“I worked with this team numerous times and it was heartbreaking for this camp. It was probably one of the most heart-wrenching times I’ve ever been out with combat. As soon as we landed I saw my team just standing there waiting. They were so excited to see the dog. I don’t know if it was because they were excited the dog was there or if it was because of what we were going to do and that we were there to try to help them out,” she said.
Ultimately, they found the bodies, some weapons and bomb-making materials that day. “We paid our respect, we feel, to the team we lost,” Keller said. “And working with that team and having Chrach greet them right away was probably one of my most memorable moments.”
The K9 partners often have more than one handler who all work together and gain knowledge from each other.
Chrach received many awards, among them the Bronze Star and a Combat Action medal. He also earned the 12th Annual Animal Hero Award, “a huge deal,” Keller acknowledged. She has a Joint Service Award with him as well as a Combat Action medal.
One of Chrach’s biggest accomplishments was when he was assigned with Special Forces and went out on combat patrols. He located about five IEDs – improvised explosive devices – that weighed out to be about 170 pounds, Keller said.
“This dog not only saved a good friend of ours, he also saved the teams behind him and the teams behind that. He found explosives that were ready to detonate if they were to step by. If the team did not have the dog, they would have died,” she said.
Keller worked with another MWD partner, Oscar, who was badly injured by an explosion. Although Oscar performed his duty immediately after the device went off, he was soon retired. Keller credits both Oscar and Chrach for saving her life.
HONORING THEIR PARTNERS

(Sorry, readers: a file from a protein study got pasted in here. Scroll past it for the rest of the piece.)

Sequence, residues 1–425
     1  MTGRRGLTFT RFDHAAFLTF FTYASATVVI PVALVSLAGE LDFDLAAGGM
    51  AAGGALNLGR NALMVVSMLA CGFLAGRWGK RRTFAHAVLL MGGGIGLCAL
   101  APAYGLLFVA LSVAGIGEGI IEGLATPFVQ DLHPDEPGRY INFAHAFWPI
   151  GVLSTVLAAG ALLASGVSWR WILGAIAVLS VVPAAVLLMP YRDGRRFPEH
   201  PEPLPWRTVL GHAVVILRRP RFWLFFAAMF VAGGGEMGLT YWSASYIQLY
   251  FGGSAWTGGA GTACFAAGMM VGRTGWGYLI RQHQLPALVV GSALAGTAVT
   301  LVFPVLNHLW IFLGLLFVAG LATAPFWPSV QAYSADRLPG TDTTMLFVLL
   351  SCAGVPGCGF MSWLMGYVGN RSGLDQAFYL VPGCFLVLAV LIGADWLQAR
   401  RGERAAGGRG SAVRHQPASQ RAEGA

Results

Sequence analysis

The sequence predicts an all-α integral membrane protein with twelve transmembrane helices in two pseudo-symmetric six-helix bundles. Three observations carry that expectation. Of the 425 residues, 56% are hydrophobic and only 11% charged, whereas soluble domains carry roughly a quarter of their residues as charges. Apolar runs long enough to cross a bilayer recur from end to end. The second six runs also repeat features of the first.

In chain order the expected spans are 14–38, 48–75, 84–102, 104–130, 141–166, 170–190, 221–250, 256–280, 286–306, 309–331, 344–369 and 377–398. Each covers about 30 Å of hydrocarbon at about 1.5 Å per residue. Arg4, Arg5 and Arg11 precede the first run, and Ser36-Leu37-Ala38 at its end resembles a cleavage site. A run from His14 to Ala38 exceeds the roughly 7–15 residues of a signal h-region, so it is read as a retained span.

“You go out every day and you’re worried you might step on something. No matter how good the dog is or how good your team is, you could have been chosen that day where you set that device off. That was probably the hardest part,” she said. “Sometimes it’s just the luck of the draw. So every day I knew that I might not come home. That makes you think a little differently and you take things a little bit lighter in life.”
Chrach retired and lived with former Air Force airman Kyle Alltop; he died June 30, 2018. When K9 partners retire or pass away, their handlers and fellow comrades give them a full ceremony as they would a human soldier.
“They mean so much to us that they’re not animals, that they’re soldiers, and that we try to give them as much of a full retirement as a human would. We will do everything, from the flag folding, we come in our dress blues – it is an official ceremony where we have protocol, we have base commanders come in,” Keller said. “We make sure we pay the respects to them that they gave to us for all their service.”
Keller currently is going through firefighter training in the Air Force Reserves. This might develop into search-and-rescue work, she said.
“I really like having a partner with four legs. There’s just something about it.”